Europeans to vote on their favourite new design for a commemorative 2-euro coin marking ten years of the single currency.
To celebrate the tenth anniversary of the euro and European Monetary Union, in 2009 all 15 eurozone countries will be issuing a commemorative 2-euro coin with a new design.
After a competition between the national Mints in the eurozone, each of which has put forward a selection of designs, the winning image is to be chosen by public vote on a special euro coin design website.
Voting will close on 22 February 2008, with the winning design announced three days later. If you voted for that design, you could win a set of high-value euro collector coins.
On 1 January 1999, the euro became the new currency of 11 EU countries, who also agreed to merge their monetary policy under the authority of the European Central Bank. For three years, national banknotes and coins continued to be used but, since their values in relation to the euro were fixed, they were effectively euros in all but appearance. They were replaced by euro banknotes and coins in 2002.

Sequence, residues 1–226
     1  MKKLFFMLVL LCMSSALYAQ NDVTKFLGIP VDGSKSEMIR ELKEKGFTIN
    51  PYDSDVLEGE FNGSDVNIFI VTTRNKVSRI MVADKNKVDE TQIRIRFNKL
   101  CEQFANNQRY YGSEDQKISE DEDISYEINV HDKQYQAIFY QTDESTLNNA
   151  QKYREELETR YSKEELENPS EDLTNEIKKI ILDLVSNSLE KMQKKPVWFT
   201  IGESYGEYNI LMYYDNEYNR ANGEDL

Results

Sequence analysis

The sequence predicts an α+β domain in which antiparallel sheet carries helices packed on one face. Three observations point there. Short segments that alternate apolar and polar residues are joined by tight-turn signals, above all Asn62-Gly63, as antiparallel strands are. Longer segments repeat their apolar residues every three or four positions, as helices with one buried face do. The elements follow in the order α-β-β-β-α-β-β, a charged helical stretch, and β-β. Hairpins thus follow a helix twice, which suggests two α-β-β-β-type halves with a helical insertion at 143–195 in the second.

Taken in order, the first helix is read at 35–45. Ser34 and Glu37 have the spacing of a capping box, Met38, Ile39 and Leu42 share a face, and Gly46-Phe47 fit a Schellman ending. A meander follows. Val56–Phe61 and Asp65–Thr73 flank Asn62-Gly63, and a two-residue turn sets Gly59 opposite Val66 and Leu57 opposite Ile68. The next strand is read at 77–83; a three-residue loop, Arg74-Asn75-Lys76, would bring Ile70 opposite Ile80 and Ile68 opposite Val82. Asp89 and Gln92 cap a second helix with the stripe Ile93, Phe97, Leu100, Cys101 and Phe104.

The euro and the EU's single market are underpinned by a political and economic framework known as Economic and Monetary Union. It has helped keep inflation and interest rates low for consumers and companies, and has encouraged sound public finances. The single currency has abolished exchange costs and makes it easy for people and businesses to compare prices among the eurozone's now 15 member countries.
Ten years after its launch, the euro is a strong and stable currency that has firmly established itself as a world currency.